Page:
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Heroic residents of the Grenfell tower saved their neighbours by banging on their doors and guiding them to safety, it has emerged.

Local community centres and religious buildings have opened to help those who have lost their homes, and left with nothing but their pyjamas.
Some put their own lives at risk to rescue others.

Muslims awake due to Ramadan may have saved lives
Rashida, a local resident, told Sky News how Muslims observing Ramadan may have saved lives in the tower block, as many of them were awake.

She said: “Most Muslims now observing Ramadan will normally not go to bed until about 2am, maybe 2.30am, [when] they have their late night last meal. They do their last prayer.
“So most of the families around here would have been awake and I think even with the noise of the helicopters, it would have brought a lot of attention to a lot of residents, non-Muslim as well, [who] would have thought ‘something’s going on that’s not quite normal.’”

She spoke of how tight-knit the community was, and how many different nationalities lived in the tower.

She said: “It’s a very diverse area, we have all nationalities, all religions. We all live peacefully amongst each other, there is not much crime – [not] higher than anywhere else. You can walk around safely late at night… we all know each other. There is a very high population of Moroccans, and for some reason we all live close to each other. Everyone knows each other.”

Nadia Yousuf, 29, told BuzzFeed Muslim residents were among the first to notice the fire, as they woke up to prepare to break their fast.

“They saw it just after they woke up to eat”, she said.
The hero who saved family
A man known as Michael told Sky News of how he saved a young girl. “I wasn’t woken up by the alarms at all, they were very, very quiet.
“I was in bed, and I was on the verge of falling asleep and I smelt plastic. I woke up and looked around the flat, checked the plugs, everything was okay.
“I went to the window to smoke a cigarette, I opened the window, and I heard someone saying, it’s getting bigger, its getting bigger.

“So, I’ve got out to the hallway, I’ve looked through the spy hole, I’ve seen smoke everywhere, I’ve opened the door and the neighbours were there.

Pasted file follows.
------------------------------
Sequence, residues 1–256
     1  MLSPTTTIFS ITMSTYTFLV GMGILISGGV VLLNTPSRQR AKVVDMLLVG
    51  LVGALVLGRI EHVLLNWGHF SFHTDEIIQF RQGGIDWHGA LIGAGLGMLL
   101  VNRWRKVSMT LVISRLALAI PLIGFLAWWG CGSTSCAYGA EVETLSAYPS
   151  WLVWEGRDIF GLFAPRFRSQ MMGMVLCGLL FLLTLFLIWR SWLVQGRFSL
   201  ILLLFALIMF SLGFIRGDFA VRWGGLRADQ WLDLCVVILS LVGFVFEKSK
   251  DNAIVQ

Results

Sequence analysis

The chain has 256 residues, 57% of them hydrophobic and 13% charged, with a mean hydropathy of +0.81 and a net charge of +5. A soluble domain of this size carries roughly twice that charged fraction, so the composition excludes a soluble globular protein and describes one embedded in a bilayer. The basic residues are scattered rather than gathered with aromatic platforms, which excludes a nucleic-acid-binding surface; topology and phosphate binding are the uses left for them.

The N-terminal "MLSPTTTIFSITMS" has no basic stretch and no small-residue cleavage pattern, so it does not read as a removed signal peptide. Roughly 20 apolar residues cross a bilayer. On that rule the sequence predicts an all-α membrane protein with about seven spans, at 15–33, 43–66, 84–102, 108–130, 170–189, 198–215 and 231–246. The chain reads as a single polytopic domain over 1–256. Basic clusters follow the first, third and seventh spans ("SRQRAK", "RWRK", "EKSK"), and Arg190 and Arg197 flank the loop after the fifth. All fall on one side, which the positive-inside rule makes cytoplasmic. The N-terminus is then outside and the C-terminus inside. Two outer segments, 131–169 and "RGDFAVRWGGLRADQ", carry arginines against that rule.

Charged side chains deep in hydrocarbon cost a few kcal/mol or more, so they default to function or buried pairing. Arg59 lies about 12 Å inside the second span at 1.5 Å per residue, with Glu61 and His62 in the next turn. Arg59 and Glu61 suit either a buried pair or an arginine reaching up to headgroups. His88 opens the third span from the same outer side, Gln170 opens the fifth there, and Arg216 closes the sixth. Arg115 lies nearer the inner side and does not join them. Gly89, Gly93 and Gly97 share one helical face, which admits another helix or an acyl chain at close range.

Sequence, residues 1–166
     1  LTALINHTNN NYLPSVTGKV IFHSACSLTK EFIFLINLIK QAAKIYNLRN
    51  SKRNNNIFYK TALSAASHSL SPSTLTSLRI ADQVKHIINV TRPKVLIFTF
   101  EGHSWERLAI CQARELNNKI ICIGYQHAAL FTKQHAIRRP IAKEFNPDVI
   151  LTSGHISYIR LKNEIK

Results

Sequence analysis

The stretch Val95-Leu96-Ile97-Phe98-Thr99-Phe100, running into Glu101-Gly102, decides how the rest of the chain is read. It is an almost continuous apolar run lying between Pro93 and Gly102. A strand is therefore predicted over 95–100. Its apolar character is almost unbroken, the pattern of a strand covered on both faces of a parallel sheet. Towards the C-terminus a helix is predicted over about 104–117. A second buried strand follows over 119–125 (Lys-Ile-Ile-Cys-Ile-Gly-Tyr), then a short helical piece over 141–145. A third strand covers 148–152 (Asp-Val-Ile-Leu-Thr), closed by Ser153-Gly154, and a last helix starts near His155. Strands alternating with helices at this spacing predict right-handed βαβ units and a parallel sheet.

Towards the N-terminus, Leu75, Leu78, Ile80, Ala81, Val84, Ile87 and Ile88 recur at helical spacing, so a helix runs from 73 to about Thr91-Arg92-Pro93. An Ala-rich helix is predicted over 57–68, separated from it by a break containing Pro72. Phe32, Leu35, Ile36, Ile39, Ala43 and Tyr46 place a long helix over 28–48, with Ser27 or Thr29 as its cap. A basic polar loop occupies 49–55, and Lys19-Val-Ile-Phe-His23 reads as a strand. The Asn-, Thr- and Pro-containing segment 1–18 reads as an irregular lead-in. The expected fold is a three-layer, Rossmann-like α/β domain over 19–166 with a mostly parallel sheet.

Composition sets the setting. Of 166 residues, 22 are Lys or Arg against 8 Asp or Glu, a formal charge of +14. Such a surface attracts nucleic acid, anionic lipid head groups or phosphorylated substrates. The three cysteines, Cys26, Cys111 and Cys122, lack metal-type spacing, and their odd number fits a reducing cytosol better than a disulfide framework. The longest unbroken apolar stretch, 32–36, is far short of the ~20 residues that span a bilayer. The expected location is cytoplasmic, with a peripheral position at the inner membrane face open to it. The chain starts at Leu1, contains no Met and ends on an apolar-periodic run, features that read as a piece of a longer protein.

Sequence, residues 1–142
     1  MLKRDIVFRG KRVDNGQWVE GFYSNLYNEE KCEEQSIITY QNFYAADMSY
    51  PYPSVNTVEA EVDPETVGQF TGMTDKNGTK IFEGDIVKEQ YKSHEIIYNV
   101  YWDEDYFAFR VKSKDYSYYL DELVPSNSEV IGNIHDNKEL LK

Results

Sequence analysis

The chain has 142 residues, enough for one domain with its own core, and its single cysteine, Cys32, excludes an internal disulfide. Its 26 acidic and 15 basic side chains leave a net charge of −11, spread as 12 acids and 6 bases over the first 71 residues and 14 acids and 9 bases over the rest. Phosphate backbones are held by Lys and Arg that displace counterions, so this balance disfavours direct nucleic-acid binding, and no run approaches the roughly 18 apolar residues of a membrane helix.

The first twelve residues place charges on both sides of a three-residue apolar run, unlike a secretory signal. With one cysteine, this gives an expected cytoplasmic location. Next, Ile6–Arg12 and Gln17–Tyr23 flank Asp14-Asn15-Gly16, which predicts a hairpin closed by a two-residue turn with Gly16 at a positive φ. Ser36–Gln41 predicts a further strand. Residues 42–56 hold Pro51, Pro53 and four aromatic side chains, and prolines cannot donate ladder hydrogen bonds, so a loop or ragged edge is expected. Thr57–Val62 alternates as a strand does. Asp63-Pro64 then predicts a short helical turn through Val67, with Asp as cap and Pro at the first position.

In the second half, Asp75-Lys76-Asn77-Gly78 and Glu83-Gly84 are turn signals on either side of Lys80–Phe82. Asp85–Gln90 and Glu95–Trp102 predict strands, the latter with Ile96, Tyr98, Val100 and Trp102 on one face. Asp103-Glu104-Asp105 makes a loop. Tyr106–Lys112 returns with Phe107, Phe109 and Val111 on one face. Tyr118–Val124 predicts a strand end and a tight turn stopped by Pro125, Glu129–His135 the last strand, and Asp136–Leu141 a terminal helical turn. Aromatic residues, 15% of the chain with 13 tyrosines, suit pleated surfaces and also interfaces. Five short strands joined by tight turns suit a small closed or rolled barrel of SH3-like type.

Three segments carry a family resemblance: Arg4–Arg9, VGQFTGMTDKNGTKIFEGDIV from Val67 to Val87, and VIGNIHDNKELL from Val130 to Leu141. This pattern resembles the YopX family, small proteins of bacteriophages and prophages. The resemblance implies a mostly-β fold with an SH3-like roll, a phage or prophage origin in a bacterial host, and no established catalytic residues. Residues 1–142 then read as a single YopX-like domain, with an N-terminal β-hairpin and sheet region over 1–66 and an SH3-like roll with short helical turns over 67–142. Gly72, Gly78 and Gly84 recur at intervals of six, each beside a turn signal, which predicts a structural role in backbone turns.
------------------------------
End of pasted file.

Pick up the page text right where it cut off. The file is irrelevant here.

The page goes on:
“People screaming, there were firemen saying ‘get down the stairs’, I’ve grabbed the little girl, I’ve grabbed my girlfriend, just in a pair of boxer shorts and a dressing gown, someone gave me these clothes, and this is it and now we are here.”

Crowd funding to help residents get back on their feet as churches give shelter
A local church is giving shelter to those who lost their belongings and homes in the blaze.
David Lammy, the MP for Tottenham, said: “If you can help with clothes, food, blankets, toiletries, etc., please donate to: St Clements Church, 95 Sirdar Rd, W11 4EQ”. The Rugby Portobello Trust is also accepting donations for residents.

Sikh gurdwaras have also started collecting toys, food and clothes for affected residents.
There has also been a crowdfunding site set up to help the residents. It has already raised £28,500.

The Royal Borough of Kensington and Chelsea said there was a rest centre at Harrow Centre, Freston Road, while nearby St Clements Church was collecting clothes, food and water for those affected – many of whom had been forced to escape the building in their night clothes.

The chairman of Queens Park Rangers football club said he was enquiring as to whether their Shepherd’s Bush stadium, Loftus Road, could also be used to help. Tony Fernandes tweeted: “Our community team will be mobilised. We will do whatever.”

A youth and children’s charity based near the block of flats has also stepped in and offered help.

The Rugby Portobello Trust said they are “with many of the residents” and have asked people to “hold off on dropping anything to RPT until we can put together a list of what is needed”.

Former England rugby player Will Greenwood had urged the public to send emergency provisions to the trust, at 221 Walmer Road, London, W11 4EY.

The group also set up a Facebook event, urging people able to offer space in their homes to come forward.

The British Red Cross said its volunteers were also at the scene, with volunteers providing practical help and emotional support at a rest centre.

Meanwhile, a number of individuals have reached out via Facebook, Twitter and Instagram to offer accommodation and transport help to those affected.

One woman, named Giselle, tweeted: “Just called [Royal Borough of Kensington and Chelsea] @RBKC and left my details. They are looking for emergency housing. I have offered my place. Do the same if you can £Grenfell”

Instagram user co.-lams posted an image reading: “Any residents of Grenfell Tower or Lancaster West Estate who need a local place to stay DM me.” Many others posted on the Rugby Portobello Trust event with contact details for accommodation.

Phone company EE have said people are welcome to use their stores in the local area if they need to contact anyone or use social media. They said the stores on Kensington High Street, Notting Hill, Queensway and the two in White City are closest to the incident.
Anyone concerned for loved ones in the blaze can contact the Met Police casualty bureau on 0800 0961 233.

(Telegraph)